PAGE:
It’s World Diabetes Day. Have You Been Tested Recently?

Credit: Flickr Creative Commons, Carol Browne

Credit: Flickr Creative Commons, Carol Browne

November 14th is World Diabetes Day,* created to spread awareness of type 2 diabetes and to bring attention to promising medical advancements that can help people avoid or manage the disease.

Type 2 diabetes is a metabolic disease, and its prevalence is growing around the world. Hundreds of millions of people have the condition, and what’s worse, nearly half of them have no idea. The damage the disease does to the body puts these people at risk of developing a number of other serious issues like cardiovascular disease, kidney failure, blindness, and loss of limbs.

In the US, more than 5,000 people per day learn that that they have this life-threatening, life-long disease. But fortunately, like many diseases, it doesn’t happen overnight. Early detection and lifestyle changes often allow people to bring their blood glucose levels back into the normal range before permanent effects settle in.

Understanding Prediabetes

Before developing type 2 diabetes, many people spend time in a state of prediabetes. This is when blood glucose levels are higher than normal, but haven’t yet crossed the diabetic threshold. A fasting glucose of 100-125 mg/dL means you have prediabetes; anything higher than 126 mg/dL is classified as the real thing. Prediabetes increases the risk of developing type 2 diabetes and cardiovascular disease.

Diabetes: Early Detection

To find out where you stand, you can order tests for glucose and another marker called hemoglobin A1c (HbA1c). Measuring glucose is the most basic and straightforward test that gives an idea of where you stand. By knowing your blood sugar levels (especially fasting glucose), you can tell if you’re diabetic, prediabetic, or in the clear.

As for HbA1c, your doctor probably won’t offer this test unless you’ve already been diagnosed as diabetic. But this test is useful as a diagnostic tool as well, because it provides a good picture of your blood sugar levels over a three-month period. Glucose combines with hemoglobin to make HbA1c, so the more glucose there is in the blood, the more HbA1c is formed. HbA1c, which is found in red blood cells, tells us the average amount of glucose that the blood cells have picked up over their 8-12 week lifespan. For a single blood test, this can provide a more reliable reading than glucose and can help track progress with future testing.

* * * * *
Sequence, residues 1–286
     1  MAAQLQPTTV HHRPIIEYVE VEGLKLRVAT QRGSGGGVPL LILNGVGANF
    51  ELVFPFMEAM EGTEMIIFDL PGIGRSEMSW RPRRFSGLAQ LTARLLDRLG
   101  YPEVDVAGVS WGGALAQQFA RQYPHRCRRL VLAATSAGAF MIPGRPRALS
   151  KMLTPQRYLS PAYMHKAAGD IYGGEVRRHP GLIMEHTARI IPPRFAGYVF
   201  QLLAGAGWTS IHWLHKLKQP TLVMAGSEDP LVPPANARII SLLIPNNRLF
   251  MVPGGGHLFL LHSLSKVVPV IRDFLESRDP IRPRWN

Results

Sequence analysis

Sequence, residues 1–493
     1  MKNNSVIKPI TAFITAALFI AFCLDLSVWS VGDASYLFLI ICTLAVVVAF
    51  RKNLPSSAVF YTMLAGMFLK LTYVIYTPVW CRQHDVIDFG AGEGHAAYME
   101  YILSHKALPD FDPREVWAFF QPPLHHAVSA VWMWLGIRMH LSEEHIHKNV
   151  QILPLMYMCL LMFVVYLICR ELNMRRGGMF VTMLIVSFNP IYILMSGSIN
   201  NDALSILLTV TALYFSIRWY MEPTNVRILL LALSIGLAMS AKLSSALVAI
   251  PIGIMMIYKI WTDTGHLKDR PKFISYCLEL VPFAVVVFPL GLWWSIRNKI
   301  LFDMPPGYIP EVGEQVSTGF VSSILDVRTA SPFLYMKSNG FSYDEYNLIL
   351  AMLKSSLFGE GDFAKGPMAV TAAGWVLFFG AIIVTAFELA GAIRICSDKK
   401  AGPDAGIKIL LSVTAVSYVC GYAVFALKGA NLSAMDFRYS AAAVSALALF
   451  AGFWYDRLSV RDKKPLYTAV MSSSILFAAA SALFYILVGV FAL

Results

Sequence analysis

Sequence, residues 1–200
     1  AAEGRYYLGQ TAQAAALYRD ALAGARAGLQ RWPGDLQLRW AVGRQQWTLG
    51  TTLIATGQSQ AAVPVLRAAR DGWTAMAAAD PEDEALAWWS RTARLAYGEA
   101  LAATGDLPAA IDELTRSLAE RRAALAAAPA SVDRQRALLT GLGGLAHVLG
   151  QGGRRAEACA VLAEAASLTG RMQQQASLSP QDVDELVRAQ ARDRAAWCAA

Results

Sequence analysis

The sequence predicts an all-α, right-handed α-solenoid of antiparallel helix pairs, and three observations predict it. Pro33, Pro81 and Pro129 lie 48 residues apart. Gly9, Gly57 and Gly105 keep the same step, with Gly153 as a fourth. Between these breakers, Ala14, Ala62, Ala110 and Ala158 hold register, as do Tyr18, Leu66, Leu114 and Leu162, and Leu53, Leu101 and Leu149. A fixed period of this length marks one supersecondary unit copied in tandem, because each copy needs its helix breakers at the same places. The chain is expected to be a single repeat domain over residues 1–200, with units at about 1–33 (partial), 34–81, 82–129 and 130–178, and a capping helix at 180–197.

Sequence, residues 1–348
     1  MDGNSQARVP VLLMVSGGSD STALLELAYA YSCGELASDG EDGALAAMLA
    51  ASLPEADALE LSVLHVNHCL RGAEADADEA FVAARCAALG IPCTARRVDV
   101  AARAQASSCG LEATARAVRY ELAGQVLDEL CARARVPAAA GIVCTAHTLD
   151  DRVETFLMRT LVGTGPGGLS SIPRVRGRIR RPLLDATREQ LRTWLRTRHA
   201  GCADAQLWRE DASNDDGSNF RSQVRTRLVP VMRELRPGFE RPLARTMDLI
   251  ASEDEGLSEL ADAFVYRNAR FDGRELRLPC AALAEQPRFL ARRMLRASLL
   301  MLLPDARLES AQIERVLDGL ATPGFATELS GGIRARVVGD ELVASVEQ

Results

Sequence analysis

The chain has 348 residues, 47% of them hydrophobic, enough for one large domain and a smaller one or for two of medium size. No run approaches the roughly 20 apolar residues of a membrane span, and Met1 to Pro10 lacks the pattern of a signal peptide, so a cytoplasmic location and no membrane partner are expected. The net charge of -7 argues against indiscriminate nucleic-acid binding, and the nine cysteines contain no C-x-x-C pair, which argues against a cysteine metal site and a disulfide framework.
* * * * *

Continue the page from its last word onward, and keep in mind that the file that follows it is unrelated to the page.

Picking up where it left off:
Preventative Measures For Diabetes

If you are found to be prediabetic, it’s important to consult with a physician or dietitian, so that you can take the necessary steps to prevent future health complications. Research shows that you can lower your risk for type 2 diabetes by nearly 60% through lifestyle changes alone:

  • Reducing your weight by 7%
  • Doing moderate exercise (like brisk walking or other low-impact aerobic activity) for 30 minutes a day, five days a week

For more information

To add even more dimension to your metabolic profile, you can test insulin and insulin-like factor 1 (IGF-1), both of which are low in people with diabetes.

Find out more about World Diabetes Day at the International Diabetes Federation website, where they will be focusing on ways to spread disease awareness for the rest of November.

—————

*This date was chosen because it’s the birthday of Nobel Prize winner Sir Fredrick G. Banting, the doctor who discovered insulin. In 1921, Dr. Banting succeeded where others failed, engineering a way to extract insulin from the pancreas without it being destroyed by pancreatic enzymes. This created a form that could be injected into diabetic patients to regulate their sugar metabolism.

The posts on this blog are for information only, and are not intended to substitute for a doctor-patient or other healthcare professional-patient relationship nor do they constitute medical or healthcare advice of any kind. Any information in these posts should not be acted upon without consideration of primary source material and professional input from one's own healthcare professionals.